Hallé Orchestra/Elder, Bridgewater Hall, Manchester

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The Independent Culture

Before the opening of the Hallé Orchestra's new Beethoven series, its chief executive, John Summers, and head of artistic planning, Geoffrey Owen, explained the thinking behind this challenging venture, which recalls Hans Richter's Manchester Beethoven extravaganza 100 years ago.

Beethoven's nine symphonies will be played in order – and the programmes contrived with music director, Sir Mark Elder, are boldly intriguing: Stravinsky (his violin concerto, long underrated); Sibelius rubbing shoulders with fellow-Finn Magnus Lindberg; John Adams's choral symphony Harmonium; Samuel Barber's piano concerto; Bartók, Berio, Shostakovich. All echo or counterpoise aspects of their daringly unorthodox Viennese predecessor.

The launch highlighted a groundbreaking Hallé strategy. Students fork out just £3 a concert. Five hundred young people thronged the foyer, to be faced with incredibly "difficult" Bartók (his acerbic First Piano Concerto) and savage Stravinsky (The Rite of Spring). They took it in their stride. Dissonance can sound strangely consonant today.

This was a magnificent concert, with Elder in charge. Beethoven's First Symphony contains some of the most dangerously exposed starts (and midway reprises) in the classical repertoire: the Hallé strings appeared unfazed. Parts of the first movement sounded over-loud, but not so the lapping second; and from the final two in the brilliant Haydn Symphony 105, Elder drew super results: buoyant, effervescent, cocky, dancing.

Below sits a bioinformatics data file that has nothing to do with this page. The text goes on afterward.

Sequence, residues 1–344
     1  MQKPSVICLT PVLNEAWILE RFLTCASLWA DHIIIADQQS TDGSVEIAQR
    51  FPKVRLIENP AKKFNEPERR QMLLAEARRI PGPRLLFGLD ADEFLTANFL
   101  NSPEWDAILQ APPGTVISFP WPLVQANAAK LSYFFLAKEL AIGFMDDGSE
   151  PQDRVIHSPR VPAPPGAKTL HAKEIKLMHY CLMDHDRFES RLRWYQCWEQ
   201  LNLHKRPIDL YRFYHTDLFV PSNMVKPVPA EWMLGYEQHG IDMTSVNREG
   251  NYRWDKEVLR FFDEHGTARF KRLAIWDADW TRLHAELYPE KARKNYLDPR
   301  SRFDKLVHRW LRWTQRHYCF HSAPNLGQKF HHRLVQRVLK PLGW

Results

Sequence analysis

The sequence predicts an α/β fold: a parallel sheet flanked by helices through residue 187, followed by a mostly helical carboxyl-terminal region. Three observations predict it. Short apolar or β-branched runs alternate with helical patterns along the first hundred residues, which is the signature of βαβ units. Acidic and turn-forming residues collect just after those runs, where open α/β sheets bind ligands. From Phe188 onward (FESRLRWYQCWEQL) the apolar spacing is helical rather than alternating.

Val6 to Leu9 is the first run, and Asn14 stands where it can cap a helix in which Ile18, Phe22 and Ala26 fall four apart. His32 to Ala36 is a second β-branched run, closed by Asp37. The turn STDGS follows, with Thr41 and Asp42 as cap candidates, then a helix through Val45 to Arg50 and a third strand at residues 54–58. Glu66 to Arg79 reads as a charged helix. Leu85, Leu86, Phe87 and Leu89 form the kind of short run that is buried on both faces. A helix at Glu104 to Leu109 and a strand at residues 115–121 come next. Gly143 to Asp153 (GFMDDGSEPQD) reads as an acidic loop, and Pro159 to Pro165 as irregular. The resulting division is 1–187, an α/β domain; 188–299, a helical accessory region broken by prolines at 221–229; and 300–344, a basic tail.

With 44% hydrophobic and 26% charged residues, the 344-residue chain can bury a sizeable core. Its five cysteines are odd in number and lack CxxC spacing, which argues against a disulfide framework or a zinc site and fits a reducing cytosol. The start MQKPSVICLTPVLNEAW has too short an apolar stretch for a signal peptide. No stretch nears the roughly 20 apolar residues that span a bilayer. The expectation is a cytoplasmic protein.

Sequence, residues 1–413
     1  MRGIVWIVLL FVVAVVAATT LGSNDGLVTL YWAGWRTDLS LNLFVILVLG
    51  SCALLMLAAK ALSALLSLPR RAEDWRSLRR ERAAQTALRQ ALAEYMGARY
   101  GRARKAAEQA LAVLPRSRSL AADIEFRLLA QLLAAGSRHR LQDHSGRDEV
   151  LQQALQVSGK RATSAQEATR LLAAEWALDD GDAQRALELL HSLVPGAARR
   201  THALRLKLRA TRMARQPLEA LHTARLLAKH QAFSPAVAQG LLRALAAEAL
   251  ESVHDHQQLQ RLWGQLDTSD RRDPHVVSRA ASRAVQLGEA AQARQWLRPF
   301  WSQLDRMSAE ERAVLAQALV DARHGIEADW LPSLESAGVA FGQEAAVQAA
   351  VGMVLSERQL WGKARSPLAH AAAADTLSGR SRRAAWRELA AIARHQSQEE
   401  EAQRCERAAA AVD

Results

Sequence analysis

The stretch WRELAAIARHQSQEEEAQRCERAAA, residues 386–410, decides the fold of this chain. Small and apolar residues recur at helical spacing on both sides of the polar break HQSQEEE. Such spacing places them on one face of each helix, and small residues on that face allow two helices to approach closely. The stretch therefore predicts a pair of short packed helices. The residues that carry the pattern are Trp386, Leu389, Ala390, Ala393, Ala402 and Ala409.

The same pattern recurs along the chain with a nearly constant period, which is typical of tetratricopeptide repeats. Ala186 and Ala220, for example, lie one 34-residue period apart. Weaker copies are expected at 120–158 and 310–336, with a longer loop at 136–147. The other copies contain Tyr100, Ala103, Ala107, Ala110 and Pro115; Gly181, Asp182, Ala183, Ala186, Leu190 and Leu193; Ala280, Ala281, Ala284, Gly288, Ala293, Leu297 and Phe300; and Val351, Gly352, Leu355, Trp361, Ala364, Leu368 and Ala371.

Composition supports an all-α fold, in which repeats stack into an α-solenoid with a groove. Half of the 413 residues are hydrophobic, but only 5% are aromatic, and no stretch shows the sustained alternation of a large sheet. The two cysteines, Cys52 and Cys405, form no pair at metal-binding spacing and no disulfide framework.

The Bartók, with András Schiff as thoughtful soloist, supplied the evening's revelation: pounding, percussive and avant-garde enough to shock the 1927 ISCM audience. Schiff contrived to make the solo part sing (a near-impossible feat), never more so than in the wonderful passage for side and snare drums – like a wonderful concerto for orchestra.

Stravinsky's rhythmically bombastic The Rite of Spring was a potent influence on Bartók. The sonorities – bass clarinets and tubas, five bassoons, a Wagnerian horn line-up – are unmatched even in that dazzling, exploratory prewar ferment. The footstamping, almost indecent sacrificial outrage was gripping, but Elder's true mark lay in the haunting stillness: shy hints of solo oboe, strings strangely suspended, or the way the Baltic folk-derived bassoon opening sublimely echoed Katherine Baker's magical flute solo in Debussy's Syrinx: Ovid's great god Pan, sighing in the wings.